Turkish women still can't break the glass ceiling

Although 30 percent of the labor force is female, low wages and inability to grow in the workplace daunts women.

Turkish women still can't break the glass ceiling

World Bulletin / News Desk

Women have made great strides into Turkey's workforce over the past 50 years, but relatively few work, and only a few break the glass ceiling.

Women, who constitute almost exactly half of Turkey's population, make up only 30 percent of labor force participation, according to a report from the Turkish Statistical Institute on Thursday.

And there are very few women in top management, only 12.2 percent according to the most recent statistics from the Geneva-based International Labour Office. Turkey is ranked 45 out of 48 nations studied in ILO research for the percentage of women in high-level corporate positions -- below Thailand and above Ukraine. 

"The perception on women must change. Woman should be seen first as individuals rather than first  as ‘ideal mother’ and ‘wife.’ Our country must change its mentality, starting with gender equality training," Confederation of Turkish Trade Unions head Ergun Atalay told The Anadolu Agency.

With the employment rate at 45.9 percent in Turkey, for men it stood at 65.2 percent and for women at 27.1 percent, the TurkStat report said. Compared with European countries, the rate is well below that of Sweden at 72.5 percent and even lower than that of Greece at 39.9 percent. 

In Turkey, the proportion of female senior managers is 9.4 percent in the public area. The proportion of female judges was 36.9 percent. The proportion of females in total academic staff was 28.7 percent in the 2013-2014 academic year. The proportion of female police officers has not shown a difference over the years, and the proportion was 5.5% in 2014, TurkStat said.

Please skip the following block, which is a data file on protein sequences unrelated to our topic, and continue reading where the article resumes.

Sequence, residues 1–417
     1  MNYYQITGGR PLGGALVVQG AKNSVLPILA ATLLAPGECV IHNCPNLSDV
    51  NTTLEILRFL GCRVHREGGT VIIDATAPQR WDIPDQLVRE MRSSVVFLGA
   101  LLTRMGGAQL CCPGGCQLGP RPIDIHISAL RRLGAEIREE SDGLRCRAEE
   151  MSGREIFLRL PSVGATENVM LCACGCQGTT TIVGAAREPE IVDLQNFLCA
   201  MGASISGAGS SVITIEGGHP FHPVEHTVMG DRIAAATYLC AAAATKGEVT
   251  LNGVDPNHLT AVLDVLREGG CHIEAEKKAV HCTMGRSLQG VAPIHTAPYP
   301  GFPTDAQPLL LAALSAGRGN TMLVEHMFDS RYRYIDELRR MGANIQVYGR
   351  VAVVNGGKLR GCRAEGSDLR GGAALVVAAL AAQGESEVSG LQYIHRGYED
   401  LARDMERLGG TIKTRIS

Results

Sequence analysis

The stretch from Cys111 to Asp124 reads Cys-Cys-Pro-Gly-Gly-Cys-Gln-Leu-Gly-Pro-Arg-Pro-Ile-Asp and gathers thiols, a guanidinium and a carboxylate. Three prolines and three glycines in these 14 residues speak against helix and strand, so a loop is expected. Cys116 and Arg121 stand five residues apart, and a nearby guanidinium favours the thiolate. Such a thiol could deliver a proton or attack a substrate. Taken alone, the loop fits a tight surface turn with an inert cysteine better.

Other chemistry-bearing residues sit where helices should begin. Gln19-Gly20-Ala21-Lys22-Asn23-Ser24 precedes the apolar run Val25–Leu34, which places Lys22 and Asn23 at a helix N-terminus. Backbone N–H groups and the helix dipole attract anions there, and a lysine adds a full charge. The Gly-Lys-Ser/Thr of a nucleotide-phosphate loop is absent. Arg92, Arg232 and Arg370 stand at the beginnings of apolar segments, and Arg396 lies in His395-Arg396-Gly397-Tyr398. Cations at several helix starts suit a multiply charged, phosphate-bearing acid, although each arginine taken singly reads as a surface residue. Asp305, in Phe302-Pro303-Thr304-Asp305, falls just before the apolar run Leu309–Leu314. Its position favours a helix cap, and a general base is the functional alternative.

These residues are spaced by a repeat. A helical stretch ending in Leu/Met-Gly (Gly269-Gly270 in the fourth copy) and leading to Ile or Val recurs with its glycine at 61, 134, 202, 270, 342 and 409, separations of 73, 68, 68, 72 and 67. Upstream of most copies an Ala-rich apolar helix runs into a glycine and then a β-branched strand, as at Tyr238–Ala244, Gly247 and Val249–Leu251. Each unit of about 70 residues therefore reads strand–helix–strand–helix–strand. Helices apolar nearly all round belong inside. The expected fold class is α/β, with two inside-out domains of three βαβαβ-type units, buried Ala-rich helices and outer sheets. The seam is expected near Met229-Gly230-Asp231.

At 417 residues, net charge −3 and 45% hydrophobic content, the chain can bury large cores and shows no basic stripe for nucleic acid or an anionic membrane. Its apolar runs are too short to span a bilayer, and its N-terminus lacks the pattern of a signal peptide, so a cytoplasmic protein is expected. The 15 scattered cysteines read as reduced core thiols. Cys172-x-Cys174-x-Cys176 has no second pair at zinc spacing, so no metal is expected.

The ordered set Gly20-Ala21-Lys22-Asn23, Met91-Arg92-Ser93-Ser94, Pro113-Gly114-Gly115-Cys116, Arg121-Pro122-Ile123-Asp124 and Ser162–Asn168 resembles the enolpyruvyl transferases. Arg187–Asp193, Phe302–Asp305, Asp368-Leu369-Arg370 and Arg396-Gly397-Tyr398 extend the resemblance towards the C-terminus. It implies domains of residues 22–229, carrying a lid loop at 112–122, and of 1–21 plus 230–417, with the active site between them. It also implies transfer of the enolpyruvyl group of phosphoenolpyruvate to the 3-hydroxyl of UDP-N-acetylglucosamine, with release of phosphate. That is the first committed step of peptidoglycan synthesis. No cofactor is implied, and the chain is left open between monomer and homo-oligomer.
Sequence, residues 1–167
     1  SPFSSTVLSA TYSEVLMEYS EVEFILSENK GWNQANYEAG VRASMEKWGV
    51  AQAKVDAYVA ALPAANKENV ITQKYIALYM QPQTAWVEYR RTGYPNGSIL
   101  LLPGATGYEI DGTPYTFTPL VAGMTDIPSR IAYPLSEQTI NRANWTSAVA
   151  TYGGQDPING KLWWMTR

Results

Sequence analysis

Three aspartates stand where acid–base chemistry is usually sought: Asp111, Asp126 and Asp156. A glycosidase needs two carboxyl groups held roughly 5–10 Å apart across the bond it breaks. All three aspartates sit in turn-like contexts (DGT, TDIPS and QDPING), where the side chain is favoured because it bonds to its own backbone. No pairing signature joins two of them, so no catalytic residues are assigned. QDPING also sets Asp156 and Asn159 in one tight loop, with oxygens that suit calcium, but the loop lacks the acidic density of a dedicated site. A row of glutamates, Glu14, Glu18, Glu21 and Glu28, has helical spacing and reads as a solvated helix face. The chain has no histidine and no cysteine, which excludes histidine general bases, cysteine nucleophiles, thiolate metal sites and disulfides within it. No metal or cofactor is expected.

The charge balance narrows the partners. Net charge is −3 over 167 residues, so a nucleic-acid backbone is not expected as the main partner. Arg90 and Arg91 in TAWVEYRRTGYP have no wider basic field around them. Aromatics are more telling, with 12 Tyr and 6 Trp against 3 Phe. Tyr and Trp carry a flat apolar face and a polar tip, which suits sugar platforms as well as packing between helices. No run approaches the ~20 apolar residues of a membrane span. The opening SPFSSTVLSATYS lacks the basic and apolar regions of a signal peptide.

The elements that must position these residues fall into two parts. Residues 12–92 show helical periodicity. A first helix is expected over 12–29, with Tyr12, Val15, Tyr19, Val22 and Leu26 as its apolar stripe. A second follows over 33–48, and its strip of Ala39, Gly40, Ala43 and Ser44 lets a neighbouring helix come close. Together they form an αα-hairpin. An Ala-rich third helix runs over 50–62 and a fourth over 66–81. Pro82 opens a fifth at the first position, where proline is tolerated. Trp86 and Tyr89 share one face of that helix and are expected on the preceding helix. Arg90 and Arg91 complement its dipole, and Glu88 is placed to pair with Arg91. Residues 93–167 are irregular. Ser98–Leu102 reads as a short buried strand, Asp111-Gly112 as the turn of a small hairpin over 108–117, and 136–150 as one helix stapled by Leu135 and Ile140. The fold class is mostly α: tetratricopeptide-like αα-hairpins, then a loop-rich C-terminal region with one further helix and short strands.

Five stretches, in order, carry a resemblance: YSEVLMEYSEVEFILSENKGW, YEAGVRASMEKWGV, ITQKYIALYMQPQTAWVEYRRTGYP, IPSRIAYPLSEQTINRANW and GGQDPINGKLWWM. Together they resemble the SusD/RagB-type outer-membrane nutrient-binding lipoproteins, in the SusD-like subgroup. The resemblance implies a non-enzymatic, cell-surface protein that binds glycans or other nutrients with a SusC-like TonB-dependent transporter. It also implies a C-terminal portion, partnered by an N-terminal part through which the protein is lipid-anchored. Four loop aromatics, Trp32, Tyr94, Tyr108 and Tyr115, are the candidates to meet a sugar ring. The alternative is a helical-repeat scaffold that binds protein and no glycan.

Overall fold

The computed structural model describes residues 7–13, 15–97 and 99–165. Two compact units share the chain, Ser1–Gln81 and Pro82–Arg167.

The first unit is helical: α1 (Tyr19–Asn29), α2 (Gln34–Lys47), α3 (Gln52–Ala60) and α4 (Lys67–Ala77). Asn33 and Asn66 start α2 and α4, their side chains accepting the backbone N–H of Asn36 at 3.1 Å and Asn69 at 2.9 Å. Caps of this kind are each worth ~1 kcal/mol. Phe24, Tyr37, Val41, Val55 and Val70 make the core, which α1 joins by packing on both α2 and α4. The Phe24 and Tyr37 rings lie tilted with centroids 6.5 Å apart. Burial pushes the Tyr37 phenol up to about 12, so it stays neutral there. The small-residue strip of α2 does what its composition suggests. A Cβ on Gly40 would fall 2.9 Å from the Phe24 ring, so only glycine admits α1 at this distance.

-Education is a great challenge

Lack of education is one of the greatest challenges to women in the workplace, experts said.

"The main reason for the small number of women working is the low level of women’s education," said Mujdat Kececi, president of the Chamber of Industry in Denizli, which is a growing industrial city in the southwestern part of Turkey and where the female labor force participation rate is one of the highest in the country.

"The higher the level of  education, the more likely women are to work," he said. 

The illiterate female population is five times larger than the illiterate male population, according to TurkStat. 

While the proportion of high school and equivalent graduates in the 25-and-over cohort is 18.2 percent, this proportion is 22.2 percent for males and 14.4 percent for females. The proportion of total higher education graduates is 12.9 percent of the entire population, but this proportion is 15.1 percent for men and 10.7 percent for women.

Low wages, rigid structures

Guven Sak, director at the Economic Policy Research Foundation of Turkey, says the low level of women’s wages keeps them out of the workplace.

"If the wage rate is low, women have less incentive to leave domestic chores to outside help. Hiring some help for household chores and childcare is almost impossible at lower wages. Add to that Turkey’s haphazard social support system, and all women are left with is taking care of the household," Sak said.

This issue is particularly aggravated in the countryside. 

"The culture or belief that women do not work is very common in the countryside. If you add less women-friendly environments at workplaces, the rate will remain low," Kececi added.

 Another difficulty that many women must overcome is the rigidity of working hours. 

Atalay pointed out that it allowing women to work with flexible working hours would solve this problem. With flexible working hours, women can work to contribute to the family budget as well as do their child care and household chores."  

Society must work towards changing negative perceptions about women Atalay said.  

But some perceptions about the role of women are changing. According to the results of Demographic and Health Survey 2013, 75.2 percent of females agreed with the statement of “men should also do the housework like cooking, washing, ironing, and cleaning," Seventy-five percent of women agreed with the statement, "women should be more involved in politics."

Güncelleme Tarihi: 05 Mart 2015, 15:53